The character is a little bit of T. Boone Pickens with a dash of Yosemite Sam, a good ol’ boy golem formed out of every sneering Texas stereotype ever bandied about in the popular imagination. But he’s also come to represent more than just our state’s particular cornpone quirks. The Rich Texan is an avatar for greed, a stand-in for all the most callous and self-serving extremes of American capitalism. In perhaps his most emblematic outing, the Rich Texan buys the rights to cut down Springfield’s oldest redwood tree, just so he can finally realize his dream of creating the world’s first drive-in humidor. Aside from oil and his guns, there is nothing the Rich Texan loves more than the destruction of natural resources or the suffering of others. “Goldarn it!” the Rich Texan once exclaimed. “I worked hard to ill-get those gains!” 

There’s obviously some of Dallas’s J. R. Ewing in the Rich Texan, too, not to mention every ruthless, disgraceful Texas oilman character since Edna Ferber published Giant. Yet that venerable caricature took on a decidedly more political bent on The Simpsons. It’s worth noting that the Rich Texan debuted in 1993, not long after the premiere of Oliver Stone’s JFK. That film heavily implicated Lyndon Johnson as part of a secret coup to assassinate John F. Kennedy; it suggested that Texas was a sinister place, where wealthy, well-connected men not so secretly controlled the world through their cronyism and self-interested dealings. The Rich Texan was the merry apotheosis of that notion. In the character’s very first appearance, he offers Homer his hat, saying “I wore it the day Kennedy was shot, and it always brings me good luck.”  

In 1994, not long after the Rich Texan’s arrival, George W. Bush defeated Ann Richards to become Texas governor, an election that heralded the GOP’s dominance here for decades to come. Texas became, almost irrevocably, a red state. To more liberal quarters, Texas also became the embodiment of every radically right-wing, anti-progressive attitude in the country. The year that Bush won the governorship, the Rich Texan officially settled into The Simpsons as a recurring character—this time as a prominent member of Springfield’s Republican Party Headquarters committee. Inside that shadowy cabal, the Rich Texan can be seen sitting alongside fellow conservatives like Dracula, dreaming up the next “act of unmitigated evil.” “What about this dang environment?” the Rich Texan offered in one typical meeting. “Back in Texas, we got rid of it, and it made everyone a lot happier!”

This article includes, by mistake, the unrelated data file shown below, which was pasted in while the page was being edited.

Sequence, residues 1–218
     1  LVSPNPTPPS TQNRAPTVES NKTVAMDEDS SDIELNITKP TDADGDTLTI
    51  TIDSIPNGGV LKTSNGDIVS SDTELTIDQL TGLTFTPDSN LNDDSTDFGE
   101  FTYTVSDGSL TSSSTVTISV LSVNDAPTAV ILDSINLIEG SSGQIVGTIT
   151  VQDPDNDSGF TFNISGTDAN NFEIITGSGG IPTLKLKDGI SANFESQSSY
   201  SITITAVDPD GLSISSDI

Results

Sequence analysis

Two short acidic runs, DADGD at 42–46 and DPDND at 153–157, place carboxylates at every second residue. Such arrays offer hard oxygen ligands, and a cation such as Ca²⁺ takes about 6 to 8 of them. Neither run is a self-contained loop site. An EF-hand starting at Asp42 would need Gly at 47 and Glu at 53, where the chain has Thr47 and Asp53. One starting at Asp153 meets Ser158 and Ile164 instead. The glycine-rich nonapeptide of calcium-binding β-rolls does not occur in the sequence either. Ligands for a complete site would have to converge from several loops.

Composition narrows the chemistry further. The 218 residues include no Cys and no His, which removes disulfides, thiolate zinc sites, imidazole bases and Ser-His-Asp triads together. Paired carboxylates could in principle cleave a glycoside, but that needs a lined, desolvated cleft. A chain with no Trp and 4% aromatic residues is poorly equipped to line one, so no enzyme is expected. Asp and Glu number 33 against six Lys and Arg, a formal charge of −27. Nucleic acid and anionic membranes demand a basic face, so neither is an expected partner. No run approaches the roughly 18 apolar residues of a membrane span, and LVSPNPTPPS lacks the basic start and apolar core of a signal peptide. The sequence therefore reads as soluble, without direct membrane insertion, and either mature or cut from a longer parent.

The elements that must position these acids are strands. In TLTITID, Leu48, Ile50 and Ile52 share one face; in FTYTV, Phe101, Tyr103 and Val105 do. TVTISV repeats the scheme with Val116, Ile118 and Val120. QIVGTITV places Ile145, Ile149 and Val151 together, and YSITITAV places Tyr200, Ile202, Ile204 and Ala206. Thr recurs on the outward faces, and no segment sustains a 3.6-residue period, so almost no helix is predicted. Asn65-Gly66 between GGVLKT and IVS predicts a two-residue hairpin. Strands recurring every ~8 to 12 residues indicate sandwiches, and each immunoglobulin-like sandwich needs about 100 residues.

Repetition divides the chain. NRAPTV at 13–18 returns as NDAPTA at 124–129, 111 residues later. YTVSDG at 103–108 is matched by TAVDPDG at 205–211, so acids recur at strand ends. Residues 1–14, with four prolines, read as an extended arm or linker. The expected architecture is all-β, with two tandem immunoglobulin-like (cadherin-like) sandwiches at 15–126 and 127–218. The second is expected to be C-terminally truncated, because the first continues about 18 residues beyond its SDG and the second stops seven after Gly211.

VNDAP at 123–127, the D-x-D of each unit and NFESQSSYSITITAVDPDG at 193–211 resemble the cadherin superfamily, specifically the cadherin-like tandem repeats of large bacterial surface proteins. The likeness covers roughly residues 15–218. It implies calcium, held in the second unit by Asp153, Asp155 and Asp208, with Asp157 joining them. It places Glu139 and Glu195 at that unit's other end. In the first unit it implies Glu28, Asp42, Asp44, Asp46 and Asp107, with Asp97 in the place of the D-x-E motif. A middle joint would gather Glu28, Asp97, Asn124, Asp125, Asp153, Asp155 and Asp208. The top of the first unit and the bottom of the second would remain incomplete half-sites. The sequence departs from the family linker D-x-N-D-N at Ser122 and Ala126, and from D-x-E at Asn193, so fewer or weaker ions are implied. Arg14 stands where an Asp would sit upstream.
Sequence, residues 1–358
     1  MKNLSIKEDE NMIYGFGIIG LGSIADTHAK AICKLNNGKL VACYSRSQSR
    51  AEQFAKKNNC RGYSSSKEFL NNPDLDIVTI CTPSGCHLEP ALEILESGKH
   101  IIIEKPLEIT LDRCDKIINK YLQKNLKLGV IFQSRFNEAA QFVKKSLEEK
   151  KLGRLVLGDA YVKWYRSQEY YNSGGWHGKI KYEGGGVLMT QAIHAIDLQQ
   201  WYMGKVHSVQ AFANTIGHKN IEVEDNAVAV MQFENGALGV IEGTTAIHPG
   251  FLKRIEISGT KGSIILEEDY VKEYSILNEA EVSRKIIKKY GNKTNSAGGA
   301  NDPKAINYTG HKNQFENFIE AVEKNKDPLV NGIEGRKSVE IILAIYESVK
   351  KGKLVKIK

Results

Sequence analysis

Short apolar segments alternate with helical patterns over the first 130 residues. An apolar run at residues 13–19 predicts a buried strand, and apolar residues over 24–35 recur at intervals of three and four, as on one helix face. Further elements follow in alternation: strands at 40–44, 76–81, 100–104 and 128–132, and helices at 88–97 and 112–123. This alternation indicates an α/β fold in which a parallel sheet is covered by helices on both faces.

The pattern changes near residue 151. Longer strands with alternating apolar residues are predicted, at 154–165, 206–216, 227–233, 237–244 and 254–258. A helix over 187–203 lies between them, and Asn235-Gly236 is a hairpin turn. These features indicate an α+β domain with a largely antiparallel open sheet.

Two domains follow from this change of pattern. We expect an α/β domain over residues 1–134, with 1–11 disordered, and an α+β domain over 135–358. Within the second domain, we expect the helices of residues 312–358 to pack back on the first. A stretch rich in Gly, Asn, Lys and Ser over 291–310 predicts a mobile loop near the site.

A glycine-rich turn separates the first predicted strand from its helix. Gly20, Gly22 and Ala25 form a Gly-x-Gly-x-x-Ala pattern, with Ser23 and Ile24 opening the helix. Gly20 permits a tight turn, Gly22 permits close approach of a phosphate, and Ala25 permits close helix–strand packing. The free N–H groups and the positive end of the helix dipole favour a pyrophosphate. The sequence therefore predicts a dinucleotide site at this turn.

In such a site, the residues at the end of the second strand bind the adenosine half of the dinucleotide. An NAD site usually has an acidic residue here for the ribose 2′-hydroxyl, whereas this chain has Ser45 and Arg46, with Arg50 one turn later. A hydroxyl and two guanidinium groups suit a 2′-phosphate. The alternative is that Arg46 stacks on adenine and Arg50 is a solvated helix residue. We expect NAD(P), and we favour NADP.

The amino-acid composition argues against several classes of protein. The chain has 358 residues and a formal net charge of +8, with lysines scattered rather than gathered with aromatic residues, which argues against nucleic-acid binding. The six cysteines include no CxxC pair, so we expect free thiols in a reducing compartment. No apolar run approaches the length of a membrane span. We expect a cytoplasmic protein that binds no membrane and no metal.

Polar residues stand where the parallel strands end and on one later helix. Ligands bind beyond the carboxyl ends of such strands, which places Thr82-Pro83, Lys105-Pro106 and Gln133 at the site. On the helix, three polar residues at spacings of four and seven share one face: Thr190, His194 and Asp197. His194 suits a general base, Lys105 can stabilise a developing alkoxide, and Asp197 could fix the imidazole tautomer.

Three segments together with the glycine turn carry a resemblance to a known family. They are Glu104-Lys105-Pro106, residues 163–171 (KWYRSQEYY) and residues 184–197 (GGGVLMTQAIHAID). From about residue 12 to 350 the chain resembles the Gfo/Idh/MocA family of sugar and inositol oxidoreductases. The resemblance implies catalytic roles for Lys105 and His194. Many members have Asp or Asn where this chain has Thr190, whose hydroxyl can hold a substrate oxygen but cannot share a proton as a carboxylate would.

After Bush took the White House in 2000, the Rich Texan became overtly entwined with his presidency, the various controversies over which seemed to bring all those negative perceptions of Texans onto the world stage. The Simpsons used the Rich Texan to not so subtly satirize the goofier aspects of Bush’s persona, like his mangled pronunciation of the word “nuc-u-lar” and his secret origins in Connecticut. But even more broadly, the Rich Texan captured the growing perception that Bush and his team of oil-rich strongmen were a bunch of cartoon super-villains, recklessly firing their own guns into the ozone. 

As Bush launched wars in Iraq and Afghanistan, threatening the Middle East with a lot of tough cowboy talk, it was all too easy to picture the Rich Texan as the joyful homunculus dancing and yeehaw-ing deep inside of his brain. His fossil fuel–protecting environmental record; the scandals swirling around Enron and Halliburton; a gubernatorial successor who made Bush look like William F. Buckley Jr.—the 2000s proved to be a boom time for anti-Texas sentiment, and the Rich Texan served as a convenient cartoon proxy for it all. He was stubborn, proud, and blithely unconcerned about the damage he caused. “You’re not listening!” Lisa, the show’s perpetually aggrieved progressive voice, once told him. “I never do!” the Rich Texan replied. “Yeeehaw!”

Was this a fair characterization of Texans? Not entirely. But then, Texas has, somewhat uniquely, often been made to answer for every ill that has plagued this country. As former Texas Monthly editor Erica Grieder suggests in her 2013 book Big, Hot, Cheap, and Right: What America Can Learn from the Strange Genius of Texas, this attitude took root in the 2000s, when coastal journalists who were sent here to make sense of the “Texas Miracle” of our supposedly recession-proof economy did so with great skepticism, filing reports that dripped with barely concealed contempt. Ultimately, their misgivings about Texas as an economic model for the nation might have been a little justified. But as Grieder points out, Texans have since been held accountable for everything from religious fanatics to gun violence to “stupidity in general” by those commentators. Meanwhile, the often-sneering tone of their reportage created “a widespread impression that Texas is corrupt, callous, racist, theocratic, stupid, belligerent, and, most of all, dangerous,” in a way that few other states have ever been smeared.